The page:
Don’t Panic! A peek into the box bible

Photo by ryk_neethling on Flickr.

I’m not exactly known for my love of instruction manuals.

When given something new, my usual approach is to tinker until I figure out how it works … or break it.

I know, I know, in the long run you save yourself a lot of grief if you put down your wheel-inventing kit and read through the guide book. The appeal  increases if the book is only available to a limited few, and if its name calls for veneration.

Enter the radio room bible! (Or box bible, for short.)

The box bible is a roughly 30-page compilation of past and current interns’ collective wisdom. It is all business in places, and fun and cheeky in others — an irregularity that is no doubt reflective of all the different personalities that have inhabited this space, and especially those who have been keen enough to rework this document.

In a sentence, the box bible describes our job as monitoring “everything and anything that’s developing right now” and that may be “noteworthy for and the newspaper.”

Phew. So, what would the bible look like if arranged in, say … a fun word cloud?

The bigger the words, the more often they appear in the bible.

As you can see, we radio roomers must be especially mindful of editors, police and making calls at all times. The word “get” is also a huge one, whether we’re getting details, getting hold of an elusive source, or getting hell for not doing either.

As long as we’re in the spirit of summary, here are a few key passages that I would highlight if anyone ever gave me a pulpit and an audience. But I caution you, as the bible cautions me, “Don’t be offended by how blunt these guidelines are.”

Passages from the box bible

  • We all juggle school, work and maybe a social life…(emphasis mine)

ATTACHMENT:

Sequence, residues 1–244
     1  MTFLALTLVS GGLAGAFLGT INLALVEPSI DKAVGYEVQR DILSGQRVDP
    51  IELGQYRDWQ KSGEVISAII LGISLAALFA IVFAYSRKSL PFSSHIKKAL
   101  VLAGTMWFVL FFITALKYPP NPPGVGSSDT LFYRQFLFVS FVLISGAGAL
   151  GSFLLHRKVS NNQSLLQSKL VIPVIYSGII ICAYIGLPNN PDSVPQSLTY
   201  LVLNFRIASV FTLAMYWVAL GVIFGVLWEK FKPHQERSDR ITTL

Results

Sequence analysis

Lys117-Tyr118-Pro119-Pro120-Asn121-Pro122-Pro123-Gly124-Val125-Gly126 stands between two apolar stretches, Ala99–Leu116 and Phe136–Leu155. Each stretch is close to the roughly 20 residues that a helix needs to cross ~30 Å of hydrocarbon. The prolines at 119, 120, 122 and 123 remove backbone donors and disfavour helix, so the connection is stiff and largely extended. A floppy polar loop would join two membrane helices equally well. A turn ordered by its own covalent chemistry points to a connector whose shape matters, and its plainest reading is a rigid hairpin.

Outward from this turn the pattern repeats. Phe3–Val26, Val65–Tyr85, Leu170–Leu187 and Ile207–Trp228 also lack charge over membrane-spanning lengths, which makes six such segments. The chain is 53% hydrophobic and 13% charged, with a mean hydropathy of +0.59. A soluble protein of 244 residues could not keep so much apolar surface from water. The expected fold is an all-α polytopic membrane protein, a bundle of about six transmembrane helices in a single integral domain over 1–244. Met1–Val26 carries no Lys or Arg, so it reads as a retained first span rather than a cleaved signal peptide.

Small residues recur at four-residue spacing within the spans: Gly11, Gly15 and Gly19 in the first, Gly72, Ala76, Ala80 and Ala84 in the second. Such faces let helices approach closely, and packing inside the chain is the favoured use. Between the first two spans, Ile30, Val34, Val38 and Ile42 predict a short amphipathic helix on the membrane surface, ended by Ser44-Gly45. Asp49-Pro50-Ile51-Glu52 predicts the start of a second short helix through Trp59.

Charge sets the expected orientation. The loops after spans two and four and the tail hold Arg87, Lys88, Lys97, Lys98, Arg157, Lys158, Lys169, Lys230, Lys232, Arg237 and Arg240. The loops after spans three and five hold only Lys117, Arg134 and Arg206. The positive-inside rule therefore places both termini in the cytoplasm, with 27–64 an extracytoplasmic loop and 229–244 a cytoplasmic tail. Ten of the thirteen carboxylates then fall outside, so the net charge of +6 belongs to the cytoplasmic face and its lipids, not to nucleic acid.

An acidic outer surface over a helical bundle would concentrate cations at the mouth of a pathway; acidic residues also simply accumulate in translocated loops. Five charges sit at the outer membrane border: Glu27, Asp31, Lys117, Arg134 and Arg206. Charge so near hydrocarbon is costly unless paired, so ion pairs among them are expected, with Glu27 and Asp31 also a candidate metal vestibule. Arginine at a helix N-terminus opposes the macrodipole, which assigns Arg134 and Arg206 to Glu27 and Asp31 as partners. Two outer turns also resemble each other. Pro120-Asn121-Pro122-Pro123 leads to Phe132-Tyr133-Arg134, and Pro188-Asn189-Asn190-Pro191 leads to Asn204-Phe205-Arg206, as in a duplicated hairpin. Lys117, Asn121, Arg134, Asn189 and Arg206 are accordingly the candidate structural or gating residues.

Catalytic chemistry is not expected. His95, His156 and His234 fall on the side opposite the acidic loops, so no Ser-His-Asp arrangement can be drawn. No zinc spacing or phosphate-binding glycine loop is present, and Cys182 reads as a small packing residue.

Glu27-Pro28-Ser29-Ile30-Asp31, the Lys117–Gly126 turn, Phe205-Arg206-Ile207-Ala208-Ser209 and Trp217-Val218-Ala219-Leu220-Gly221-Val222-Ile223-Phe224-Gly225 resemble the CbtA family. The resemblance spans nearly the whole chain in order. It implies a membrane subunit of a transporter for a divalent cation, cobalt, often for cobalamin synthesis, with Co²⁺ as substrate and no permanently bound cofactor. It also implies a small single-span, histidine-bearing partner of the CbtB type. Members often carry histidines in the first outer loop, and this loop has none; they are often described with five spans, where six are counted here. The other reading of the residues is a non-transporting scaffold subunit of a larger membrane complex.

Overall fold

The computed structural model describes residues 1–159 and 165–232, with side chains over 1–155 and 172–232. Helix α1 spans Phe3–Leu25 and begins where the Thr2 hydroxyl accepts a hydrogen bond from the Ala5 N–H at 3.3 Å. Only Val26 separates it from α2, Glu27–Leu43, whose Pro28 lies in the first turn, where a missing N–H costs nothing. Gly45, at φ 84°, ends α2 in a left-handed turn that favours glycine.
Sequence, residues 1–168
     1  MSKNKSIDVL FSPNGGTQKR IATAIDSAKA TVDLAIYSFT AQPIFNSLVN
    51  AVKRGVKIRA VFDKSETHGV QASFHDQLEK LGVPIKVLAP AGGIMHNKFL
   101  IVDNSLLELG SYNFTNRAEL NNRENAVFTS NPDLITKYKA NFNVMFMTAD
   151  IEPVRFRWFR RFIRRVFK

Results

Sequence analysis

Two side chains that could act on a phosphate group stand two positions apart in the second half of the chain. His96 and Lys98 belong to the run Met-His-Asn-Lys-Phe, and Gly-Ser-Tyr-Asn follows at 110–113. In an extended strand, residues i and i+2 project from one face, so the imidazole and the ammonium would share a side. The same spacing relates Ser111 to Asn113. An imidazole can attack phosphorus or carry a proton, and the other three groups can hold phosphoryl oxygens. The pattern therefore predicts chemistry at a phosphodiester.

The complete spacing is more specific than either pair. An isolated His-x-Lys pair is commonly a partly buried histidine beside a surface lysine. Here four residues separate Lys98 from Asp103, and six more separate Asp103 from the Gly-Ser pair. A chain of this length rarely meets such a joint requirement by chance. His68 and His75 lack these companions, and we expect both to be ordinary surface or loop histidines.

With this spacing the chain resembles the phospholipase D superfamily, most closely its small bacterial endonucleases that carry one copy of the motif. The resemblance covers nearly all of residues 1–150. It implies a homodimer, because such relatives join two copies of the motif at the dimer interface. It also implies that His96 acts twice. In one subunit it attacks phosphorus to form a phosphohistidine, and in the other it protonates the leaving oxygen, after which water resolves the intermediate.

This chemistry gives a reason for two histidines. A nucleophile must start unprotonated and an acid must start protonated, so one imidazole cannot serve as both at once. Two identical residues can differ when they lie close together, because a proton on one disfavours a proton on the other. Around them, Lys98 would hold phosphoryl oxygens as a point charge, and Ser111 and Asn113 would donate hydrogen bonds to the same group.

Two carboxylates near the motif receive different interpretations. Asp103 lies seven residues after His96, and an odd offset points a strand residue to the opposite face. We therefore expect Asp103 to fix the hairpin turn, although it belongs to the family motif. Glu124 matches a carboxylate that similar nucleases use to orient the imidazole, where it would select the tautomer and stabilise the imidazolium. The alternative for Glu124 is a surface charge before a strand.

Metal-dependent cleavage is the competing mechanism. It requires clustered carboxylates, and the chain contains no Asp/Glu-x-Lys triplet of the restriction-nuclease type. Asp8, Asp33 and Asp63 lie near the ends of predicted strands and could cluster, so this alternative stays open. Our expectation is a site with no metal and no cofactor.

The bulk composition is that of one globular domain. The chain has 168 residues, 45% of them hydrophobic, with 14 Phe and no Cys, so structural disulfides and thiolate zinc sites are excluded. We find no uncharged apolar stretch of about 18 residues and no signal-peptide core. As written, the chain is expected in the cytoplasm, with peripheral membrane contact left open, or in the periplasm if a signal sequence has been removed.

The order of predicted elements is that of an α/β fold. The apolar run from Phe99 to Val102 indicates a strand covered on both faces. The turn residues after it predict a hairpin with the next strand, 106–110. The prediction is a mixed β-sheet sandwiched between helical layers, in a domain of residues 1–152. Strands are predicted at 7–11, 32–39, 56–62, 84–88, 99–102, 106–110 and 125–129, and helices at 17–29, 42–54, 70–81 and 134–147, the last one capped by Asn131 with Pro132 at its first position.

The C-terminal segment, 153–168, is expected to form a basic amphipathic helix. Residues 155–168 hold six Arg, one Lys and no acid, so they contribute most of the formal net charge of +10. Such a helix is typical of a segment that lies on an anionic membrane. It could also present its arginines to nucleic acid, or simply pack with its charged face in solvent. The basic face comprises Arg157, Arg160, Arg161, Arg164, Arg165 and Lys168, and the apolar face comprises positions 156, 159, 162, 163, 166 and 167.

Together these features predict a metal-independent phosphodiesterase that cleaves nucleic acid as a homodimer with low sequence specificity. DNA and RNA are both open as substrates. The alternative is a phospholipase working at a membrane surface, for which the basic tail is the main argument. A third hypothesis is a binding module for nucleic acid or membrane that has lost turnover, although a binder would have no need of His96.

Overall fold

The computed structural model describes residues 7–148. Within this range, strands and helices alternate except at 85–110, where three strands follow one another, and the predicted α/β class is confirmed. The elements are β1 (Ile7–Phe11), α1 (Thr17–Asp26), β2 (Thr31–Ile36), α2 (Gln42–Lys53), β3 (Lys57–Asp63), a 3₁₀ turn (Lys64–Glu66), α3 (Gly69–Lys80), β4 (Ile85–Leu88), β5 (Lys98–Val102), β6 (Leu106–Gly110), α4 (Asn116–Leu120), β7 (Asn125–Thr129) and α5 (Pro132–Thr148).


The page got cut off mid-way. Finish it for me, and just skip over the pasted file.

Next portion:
• Unless you know what you’re doing, do not touch or change scanner channels under penalty of death. Thanks.
  • On occasion, [Robert McGill Thomas Jr.] clashed with his editors who tried to rein in his sentences. “Of course I go too far,” he was quoted in his own obituary. “But unless you go too far, how are you ever going to find out how far you can go?”
  • [If you hear “transporting a body” over the police scanners] – Don’t panic. It means police are moving a prisoner.
  • For fire alarms: Fire alarms are measured by the size of the response sent to them.
    First alarm is a standard response for everything including smoke alarms.
    Second usually means there is a fire but it can range from very small to a decent size so keep your ears peeled for details.
    Third is a big fire — by now you should have talked this one over with photo and your editors.
    Fourthrun screaming from box with maps in hands for editors and photogs.
  • The desk has banned “lucky to be alive,” “Christmas came early” and “a mother’s worst nightmare” in any part of copy. “The rain could not dampen the spirits of…” is just as bad.

And last, but most certainly NOT least:

  • DON’T PANIC – Things get pretty hairy in the radio room when there’s breaking news. Keep calm. If you panic, things will only get worse.

A nice and optimistic end, isn’t it? We should have a book of Revelation.

This post was originally published in the Toronto Star’s intern blog


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